Delhi Chief Minister Arvind Kejriwal today rued the existence of manual scavenging even 70 years after India’s Independence, underscoring his government’s resolve to eliminate the practice.
“Sad that even after 70 years of Independence, there are certain practices like manual scavenging being done as people are so poor and helpless,” he said after felicitating the first batch of 50 manual scavengers who were imparted vocational training so that they could pursue other means of livelihood.
The Skill Development Programme, launched in August for manual scavengers in Shahdara, aims to provide alternative means of livelihood and help them live with honour and dignity, according to an official statement.
The 50 manual scavengers were given a three-month training in housekeeping, during which they received a stipend of Rs 1,000 a month with other facilities and assured jobs in the housekeeping sector with minimum wages.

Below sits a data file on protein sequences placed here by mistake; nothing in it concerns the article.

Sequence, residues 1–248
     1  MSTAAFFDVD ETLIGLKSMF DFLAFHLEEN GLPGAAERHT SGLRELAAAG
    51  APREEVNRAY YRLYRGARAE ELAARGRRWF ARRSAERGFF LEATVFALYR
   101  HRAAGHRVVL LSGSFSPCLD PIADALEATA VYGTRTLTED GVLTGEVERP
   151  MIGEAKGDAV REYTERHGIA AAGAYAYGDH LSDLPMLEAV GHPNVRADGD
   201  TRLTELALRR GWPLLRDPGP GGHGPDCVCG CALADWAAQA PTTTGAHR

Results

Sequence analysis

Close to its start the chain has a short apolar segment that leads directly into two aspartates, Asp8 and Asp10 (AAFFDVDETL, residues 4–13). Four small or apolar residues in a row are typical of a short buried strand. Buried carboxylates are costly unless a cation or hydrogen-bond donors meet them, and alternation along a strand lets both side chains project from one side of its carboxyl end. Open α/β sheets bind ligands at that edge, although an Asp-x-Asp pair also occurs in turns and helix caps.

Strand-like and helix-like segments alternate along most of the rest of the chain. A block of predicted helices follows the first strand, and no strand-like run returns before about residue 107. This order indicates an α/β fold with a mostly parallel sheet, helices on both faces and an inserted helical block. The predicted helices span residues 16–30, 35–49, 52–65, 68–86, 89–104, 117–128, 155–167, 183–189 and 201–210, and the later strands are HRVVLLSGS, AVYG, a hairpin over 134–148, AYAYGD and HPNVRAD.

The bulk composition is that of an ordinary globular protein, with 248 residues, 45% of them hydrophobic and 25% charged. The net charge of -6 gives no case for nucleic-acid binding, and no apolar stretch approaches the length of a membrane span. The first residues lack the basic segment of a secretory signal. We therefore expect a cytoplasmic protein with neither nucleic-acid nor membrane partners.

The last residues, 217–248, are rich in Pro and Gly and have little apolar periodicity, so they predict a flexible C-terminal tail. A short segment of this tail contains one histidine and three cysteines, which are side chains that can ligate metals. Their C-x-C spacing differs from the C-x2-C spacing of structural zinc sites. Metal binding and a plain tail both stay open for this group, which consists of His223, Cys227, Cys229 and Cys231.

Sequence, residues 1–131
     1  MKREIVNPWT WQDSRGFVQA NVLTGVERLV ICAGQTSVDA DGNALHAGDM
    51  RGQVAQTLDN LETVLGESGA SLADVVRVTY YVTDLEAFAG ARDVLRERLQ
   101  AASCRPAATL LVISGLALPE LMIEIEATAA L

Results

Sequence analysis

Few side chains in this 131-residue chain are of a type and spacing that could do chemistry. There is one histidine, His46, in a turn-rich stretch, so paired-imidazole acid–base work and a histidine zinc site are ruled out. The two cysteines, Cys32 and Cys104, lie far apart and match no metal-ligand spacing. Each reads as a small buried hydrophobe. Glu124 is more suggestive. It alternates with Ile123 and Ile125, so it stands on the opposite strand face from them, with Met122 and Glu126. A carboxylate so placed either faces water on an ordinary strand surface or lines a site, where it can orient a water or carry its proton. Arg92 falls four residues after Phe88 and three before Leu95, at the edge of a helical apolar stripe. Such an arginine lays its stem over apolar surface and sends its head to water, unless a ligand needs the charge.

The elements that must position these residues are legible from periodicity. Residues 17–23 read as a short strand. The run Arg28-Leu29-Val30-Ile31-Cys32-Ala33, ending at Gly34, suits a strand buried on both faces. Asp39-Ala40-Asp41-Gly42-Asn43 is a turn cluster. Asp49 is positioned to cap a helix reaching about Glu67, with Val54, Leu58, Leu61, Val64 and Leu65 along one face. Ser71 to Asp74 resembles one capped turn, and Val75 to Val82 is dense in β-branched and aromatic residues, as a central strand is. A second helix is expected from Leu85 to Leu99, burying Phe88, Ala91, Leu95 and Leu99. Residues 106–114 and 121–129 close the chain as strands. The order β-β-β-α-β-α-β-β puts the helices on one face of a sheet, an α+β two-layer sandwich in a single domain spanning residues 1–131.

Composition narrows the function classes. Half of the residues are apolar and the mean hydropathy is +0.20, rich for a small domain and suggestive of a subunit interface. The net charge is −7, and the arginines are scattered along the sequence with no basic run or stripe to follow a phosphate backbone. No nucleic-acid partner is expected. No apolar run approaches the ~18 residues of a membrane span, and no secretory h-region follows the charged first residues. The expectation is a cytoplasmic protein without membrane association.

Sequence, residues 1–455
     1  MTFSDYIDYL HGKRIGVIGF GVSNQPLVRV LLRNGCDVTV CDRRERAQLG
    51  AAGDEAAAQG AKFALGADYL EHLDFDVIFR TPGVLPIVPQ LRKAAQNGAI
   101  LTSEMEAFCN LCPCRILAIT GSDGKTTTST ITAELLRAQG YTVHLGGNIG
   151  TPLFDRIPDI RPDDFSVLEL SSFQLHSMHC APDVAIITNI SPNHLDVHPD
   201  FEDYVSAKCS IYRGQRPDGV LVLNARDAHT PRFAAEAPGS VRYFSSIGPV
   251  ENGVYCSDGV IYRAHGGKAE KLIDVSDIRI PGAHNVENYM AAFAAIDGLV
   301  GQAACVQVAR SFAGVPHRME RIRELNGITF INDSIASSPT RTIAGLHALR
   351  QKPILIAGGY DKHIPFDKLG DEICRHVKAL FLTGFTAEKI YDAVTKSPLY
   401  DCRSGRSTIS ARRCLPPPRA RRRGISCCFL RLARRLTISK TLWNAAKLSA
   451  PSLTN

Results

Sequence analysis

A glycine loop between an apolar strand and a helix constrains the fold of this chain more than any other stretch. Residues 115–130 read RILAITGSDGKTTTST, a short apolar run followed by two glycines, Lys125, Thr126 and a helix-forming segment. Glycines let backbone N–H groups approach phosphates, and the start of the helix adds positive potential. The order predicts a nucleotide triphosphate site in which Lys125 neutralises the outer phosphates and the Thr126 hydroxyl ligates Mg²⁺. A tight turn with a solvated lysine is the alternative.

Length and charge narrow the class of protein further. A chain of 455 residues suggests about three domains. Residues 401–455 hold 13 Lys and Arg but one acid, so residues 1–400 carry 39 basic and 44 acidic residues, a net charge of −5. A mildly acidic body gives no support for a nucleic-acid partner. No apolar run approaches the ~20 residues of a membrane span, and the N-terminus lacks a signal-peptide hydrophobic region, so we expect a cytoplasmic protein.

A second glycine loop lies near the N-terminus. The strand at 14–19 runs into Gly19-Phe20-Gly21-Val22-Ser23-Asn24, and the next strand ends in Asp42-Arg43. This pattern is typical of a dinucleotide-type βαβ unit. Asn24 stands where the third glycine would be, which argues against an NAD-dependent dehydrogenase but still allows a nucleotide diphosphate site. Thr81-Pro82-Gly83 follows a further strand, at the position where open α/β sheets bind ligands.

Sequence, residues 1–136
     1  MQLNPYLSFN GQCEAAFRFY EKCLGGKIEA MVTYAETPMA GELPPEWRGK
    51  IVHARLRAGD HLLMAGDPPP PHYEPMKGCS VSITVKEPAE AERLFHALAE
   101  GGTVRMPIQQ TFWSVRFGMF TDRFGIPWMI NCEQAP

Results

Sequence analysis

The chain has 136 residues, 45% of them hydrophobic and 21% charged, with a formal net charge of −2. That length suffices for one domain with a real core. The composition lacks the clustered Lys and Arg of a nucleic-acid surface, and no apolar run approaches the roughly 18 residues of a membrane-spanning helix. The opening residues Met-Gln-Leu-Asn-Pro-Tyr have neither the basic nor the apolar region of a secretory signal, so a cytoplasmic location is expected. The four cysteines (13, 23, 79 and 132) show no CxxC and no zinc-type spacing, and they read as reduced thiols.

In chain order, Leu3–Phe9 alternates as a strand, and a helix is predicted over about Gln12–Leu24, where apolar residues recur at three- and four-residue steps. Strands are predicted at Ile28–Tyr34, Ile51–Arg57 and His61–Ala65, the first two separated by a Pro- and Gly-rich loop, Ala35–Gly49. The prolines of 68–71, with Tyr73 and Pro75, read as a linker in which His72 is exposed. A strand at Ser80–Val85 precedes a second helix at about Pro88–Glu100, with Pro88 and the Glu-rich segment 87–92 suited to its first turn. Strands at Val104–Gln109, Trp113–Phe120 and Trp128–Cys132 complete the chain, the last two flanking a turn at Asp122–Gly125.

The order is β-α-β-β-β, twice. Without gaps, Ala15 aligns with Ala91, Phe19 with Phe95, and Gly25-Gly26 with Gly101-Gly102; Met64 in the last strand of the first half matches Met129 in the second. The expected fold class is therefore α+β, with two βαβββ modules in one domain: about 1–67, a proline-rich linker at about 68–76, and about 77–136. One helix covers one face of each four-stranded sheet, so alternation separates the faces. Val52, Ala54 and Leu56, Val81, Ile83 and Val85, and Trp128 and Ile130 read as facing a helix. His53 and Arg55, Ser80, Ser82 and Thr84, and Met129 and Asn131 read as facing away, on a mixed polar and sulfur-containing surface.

“The training was very helpful. I congratulate those who got the training so that they can start a new life,” Mr Kejriwal said, adding that the move is small, but has great potential “as it was a pilot project and will be implemented in other districts”.
Minister of Social Welfare Rajendra Pal Gautam said Delhi is perhaps the first state to have a State Monitoring Committee, Vigilance Committee and Survey Committee to ensure proper implementation of the project with respect to the Prohibition of Employment as Manual Scavengers and their Rehabilitation Act.